The Ostrogoths intervene at Narbonne, driving out both Visigoths and Burgundians. This forces the Franks and Burgundians to withdraw from the Mediterranean coast. The following year the Ostrogoths defeat Gesalec in battle and he flees. One further attempt is made by him to recapture Narbonne, after a year spent in Aquitaine to gather his forces. He loses a second battle and is soon captured by the Ostrogoths. The Ostrogoth king, Theodoric, assumes the Visigothic crown until his death in 526, nominally acting as regent for the infant Amalaric who is able to take his rightful place as king after Theodoric's death.

526 - 531

Amalaric / Amalarico

Brother. Assassinated.

531 - 548

Theudes / Theudis

548 - 549

Theudegisel

549 - 554

Agila

552

Rome is finally retaken by Byzantium, which governs Italy from Ravenna. This marks the end of Ostrogothic rule in Italy. The Ostrogoths themselves eventually merge into the general Italian population, becoming indivisible from them, or migrate north of the Alps where they also merge into the general population. However, the Tauric Ostrogoths still retain an independent identity.

554 - 567

Athanagild(o)

555

By this point, it seems that Aquitaine is more firmly under Frankish control. A duke is assigned by Chlothar I to govern the region.

567 - 571

Theodomir

569

King Theodemar of the Suevi in Iberia (or possibly Miro, his successor) convenes the First Council of Lugo to increase the number of dioceses in his kingdom, possibly because parts of it are under the religious administration of bishops whose seats are in the Visigoth kingdom. It would appear that several new dioceses are in fact created as these are represented in the Second Council of Braga in 572.

571 - 572

Leuva / Leova I

572 - 586

Leuvigild(o) / Leovigild

572 - 574

King Miro of the Suevi oversees the Second Council of Braga, in which the new dioceses that had been sought by King Theodemar are confirmed to exist, although the dates for their founding are unknown. In the same year, following up on a Visigoth attack in 570 and perhaps prompted further by this loss of influence over areas of the Suevi kingdom, Leuvigild attacks. He invades the valley of the Duoro, pushing back the Suevi to the west and north by 574.

580 - 586

Hermenegild / St Ermengild

Son. Exiled, and executed in 586.

580 - 584

Falling out with his father the previous year, Hermenegild now revolts against him. The quarrel is based on Hermenegild's recent conversion to Catholicism and his refusal to revert to Arianism, thanks to his marriage to Ingunthis, the Catholic daughter of Sigisbert I of Austrasia. He is blockaded by his father and the Suebian King Miro fights to break that blockade, but is defeated. Crucially, Miro is forced to recognise Leuvigild as a friend and protector to him and his successors, giving the Visigoths leverage over the whole Suevi kingdom. Hermenegild reaches an agreement with his father, ending the revolt, but a further falling out results in the prince being executed by his father just two years later.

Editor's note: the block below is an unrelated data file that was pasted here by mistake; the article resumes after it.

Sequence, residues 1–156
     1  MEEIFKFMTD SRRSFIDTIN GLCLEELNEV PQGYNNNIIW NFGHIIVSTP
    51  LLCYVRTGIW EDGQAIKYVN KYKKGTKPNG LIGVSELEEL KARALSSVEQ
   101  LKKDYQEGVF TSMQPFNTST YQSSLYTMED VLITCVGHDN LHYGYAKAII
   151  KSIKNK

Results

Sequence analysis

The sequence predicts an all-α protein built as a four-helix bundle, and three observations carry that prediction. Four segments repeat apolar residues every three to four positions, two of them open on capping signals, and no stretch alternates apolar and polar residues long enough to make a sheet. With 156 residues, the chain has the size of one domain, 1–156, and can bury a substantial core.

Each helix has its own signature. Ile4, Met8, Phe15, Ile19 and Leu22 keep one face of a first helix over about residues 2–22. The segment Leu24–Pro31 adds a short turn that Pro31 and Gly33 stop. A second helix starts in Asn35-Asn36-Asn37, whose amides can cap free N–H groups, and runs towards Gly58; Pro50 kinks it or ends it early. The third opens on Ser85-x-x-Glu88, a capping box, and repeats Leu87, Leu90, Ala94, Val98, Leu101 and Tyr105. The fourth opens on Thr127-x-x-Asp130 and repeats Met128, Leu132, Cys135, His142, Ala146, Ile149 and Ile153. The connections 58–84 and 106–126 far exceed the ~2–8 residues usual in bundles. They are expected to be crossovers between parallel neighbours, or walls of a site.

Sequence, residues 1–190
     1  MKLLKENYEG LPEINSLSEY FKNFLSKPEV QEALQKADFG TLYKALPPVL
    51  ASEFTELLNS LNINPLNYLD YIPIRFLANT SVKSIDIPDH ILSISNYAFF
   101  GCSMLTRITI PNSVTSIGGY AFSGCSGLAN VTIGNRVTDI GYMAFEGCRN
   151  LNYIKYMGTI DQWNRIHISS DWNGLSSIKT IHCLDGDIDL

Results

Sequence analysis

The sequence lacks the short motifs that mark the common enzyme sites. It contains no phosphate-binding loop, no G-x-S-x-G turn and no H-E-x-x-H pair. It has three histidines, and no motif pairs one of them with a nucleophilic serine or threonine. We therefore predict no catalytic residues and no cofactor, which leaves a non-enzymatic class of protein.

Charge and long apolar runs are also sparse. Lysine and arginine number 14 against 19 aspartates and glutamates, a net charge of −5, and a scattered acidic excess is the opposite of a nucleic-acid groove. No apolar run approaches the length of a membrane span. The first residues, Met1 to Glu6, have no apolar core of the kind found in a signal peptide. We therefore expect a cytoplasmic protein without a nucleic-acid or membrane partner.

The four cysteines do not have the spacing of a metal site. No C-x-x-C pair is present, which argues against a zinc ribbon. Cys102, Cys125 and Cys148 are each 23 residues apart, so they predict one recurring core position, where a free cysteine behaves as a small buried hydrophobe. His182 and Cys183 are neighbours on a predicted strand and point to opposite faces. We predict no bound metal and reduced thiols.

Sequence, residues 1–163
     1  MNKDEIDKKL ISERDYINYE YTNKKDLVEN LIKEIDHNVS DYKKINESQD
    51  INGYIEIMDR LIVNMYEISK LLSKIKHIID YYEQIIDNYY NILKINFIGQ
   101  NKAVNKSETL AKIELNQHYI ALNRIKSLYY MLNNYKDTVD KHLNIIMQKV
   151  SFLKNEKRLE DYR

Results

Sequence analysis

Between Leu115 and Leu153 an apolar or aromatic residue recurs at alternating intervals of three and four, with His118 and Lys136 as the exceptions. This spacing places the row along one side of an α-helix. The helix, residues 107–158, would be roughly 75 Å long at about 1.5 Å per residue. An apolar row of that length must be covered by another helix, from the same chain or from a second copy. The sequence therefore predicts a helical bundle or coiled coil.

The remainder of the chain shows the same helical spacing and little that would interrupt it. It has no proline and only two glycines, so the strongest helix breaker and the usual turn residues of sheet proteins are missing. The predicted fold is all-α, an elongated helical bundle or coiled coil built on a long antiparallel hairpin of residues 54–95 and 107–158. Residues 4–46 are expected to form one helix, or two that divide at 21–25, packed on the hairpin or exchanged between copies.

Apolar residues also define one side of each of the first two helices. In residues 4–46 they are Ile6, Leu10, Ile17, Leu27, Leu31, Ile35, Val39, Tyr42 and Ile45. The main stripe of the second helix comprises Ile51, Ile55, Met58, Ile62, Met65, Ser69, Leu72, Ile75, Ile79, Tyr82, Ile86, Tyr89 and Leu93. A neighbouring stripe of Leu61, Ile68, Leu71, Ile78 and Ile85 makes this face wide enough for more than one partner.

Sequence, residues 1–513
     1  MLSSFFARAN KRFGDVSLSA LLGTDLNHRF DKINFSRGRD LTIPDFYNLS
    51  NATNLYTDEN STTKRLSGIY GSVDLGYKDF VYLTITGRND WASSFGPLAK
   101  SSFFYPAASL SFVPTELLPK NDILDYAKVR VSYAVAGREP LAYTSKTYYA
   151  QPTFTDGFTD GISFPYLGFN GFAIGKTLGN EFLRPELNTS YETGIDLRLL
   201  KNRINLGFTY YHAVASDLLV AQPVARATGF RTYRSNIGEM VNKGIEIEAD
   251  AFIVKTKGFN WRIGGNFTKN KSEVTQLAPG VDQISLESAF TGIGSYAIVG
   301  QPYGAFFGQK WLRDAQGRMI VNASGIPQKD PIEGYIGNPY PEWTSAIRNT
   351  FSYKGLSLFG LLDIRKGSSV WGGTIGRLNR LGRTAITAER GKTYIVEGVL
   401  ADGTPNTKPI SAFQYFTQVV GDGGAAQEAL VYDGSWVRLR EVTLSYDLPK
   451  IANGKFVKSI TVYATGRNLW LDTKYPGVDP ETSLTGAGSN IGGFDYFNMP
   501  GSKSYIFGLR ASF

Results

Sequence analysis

585

The Suevi, on the north-western coast of Iberia, are finally absorbed into the Visigoth kingdom.

586 - 601

Recared(o) I / Reccared I

Brother of Hermenegild.

589

About this year, the Visigoths and their Romano-Hispanic subjects are led by Recared to abandon Arian Christianity in favour of the Roman Church.

601 - 603

Leova II

603 - 610

Witterich

610 - 612

Gundemar

612 - 621

Sisebut / Sisebur

621

Recared II / Reccared II

621 - 631

Swintilla / Suintila / Swinthila

631 - 636

Sisenand(o)

636 - 640

Chintila

640 - 642

Tulca / Tulga

642 - 653

Chindaswind / Chindasuinto

653 - 672

Recdeswinth / Reccaswinth

672 - 680

Wamba

680 - 687

Euric II / Erwig

687 - 702

Ergica / Egica

702 - 709

Witiza

709 - 711

Roderic / Rodrigo

710 - 711

Ceuta, and the Pillars of Hercules, which until very recently had fallen under the control of the Byzantine empire via Carthage, are apparently turned over to the Islamic empire by 'Count Julian', as the empire prepares its invasion of Visigothic Spain.

711 - 714

The kingdom is overrun by the Moorish Islamic invasion of the Umayyads, at the battles of Jerez de la Frontera and Ecija. Cordova is captured (711), as is Seville and Toledo (712). The Battle of Segoyuela sees Saragossa captured (713), and Valencia falls (714). In opposition to the occupation of Iberia, the small Asturian kingdom is founded in the unconquered and mountainous north-west soon afterwards (718), while various march counties emerge over the course of the next century, including that of Urgel (close to Andorra) of which the first count is a Visigothic noble by the name of Borrell.

Interestingly in Africa, a Nubian splinter state called Alodia is founded at some point around the start of the seventh century. The name could be Visigothic or Vandali, deriving from the Germanic elements ala, meaning 'other' or 'foreign', and od, meaning 'riches' or 'wealth'. Could the creation of the state be influenced by refugees or captives from either state?

756

The Umayyad prince, AburRahman, escaping the massacre of his dynasty in Arabia, establishes himself and his line in Spain. Eventually, in response to the declaration of the Fatimid Shiite caliphate, the Spanish Umayyads proclaim their own emirate of Spain.